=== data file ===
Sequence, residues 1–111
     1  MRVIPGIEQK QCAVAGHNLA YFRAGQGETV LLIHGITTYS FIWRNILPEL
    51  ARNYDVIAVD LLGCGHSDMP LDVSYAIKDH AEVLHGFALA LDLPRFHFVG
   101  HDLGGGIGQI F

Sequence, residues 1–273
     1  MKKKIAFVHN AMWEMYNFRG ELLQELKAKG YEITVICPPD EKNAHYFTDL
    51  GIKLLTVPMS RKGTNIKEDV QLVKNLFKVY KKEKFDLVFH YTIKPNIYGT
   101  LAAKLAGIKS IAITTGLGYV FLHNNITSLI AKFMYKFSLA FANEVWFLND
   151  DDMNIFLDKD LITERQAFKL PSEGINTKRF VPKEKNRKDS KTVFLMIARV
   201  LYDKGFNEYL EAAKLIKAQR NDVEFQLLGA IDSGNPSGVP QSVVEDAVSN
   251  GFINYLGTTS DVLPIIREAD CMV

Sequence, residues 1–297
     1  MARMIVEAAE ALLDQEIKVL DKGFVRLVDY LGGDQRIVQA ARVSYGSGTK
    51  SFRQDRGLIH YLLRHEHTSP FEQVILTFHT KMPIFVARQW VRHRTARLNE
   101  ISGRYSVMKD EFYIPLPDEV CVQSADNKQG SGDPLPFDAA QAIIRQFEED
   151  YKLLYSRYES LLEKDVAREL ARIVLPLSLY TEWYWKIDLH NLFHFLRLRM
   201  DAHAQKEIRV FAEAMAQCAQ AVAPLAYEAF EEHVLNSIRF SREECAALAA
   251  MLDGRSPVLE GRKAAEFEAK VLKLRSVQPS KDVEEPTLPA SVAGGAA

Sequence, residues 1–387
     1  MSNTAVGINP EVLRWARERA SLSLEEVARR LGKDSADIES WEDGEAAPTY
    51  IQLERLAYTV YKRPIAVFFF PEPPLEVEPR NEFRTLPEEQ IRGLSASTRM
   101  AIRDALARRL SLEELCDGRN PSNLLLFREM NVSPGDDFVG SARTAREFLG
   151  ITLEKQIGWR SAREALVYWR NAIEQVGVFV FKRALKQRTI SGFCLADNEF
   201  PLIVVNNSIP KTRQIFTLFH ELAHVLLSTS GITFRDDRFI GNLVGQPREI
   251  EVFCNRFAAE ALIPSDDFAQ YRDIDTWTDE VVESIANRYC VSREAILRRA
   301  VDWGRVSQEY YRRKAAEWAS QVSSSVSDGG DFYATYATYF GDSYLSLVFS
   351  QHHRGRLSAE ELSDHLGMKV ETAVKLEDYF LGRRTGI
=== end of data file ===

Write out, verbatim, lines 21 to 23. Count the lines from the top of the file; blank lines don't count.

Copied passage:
    51  IQLERLAYTV YKRPIAVFFF PEPPLEVEPR NEFRTLPEEQ IRGLSASTRM
   101  AIRDALARRL SLEELCDGRN PSNLLLFREM NVSPGDDFVG SARTAREFLG
   151  ITLEKQIGWR SAREALVYWR NAIEQVGVFV FKRALKQRTI SGFCLADNEF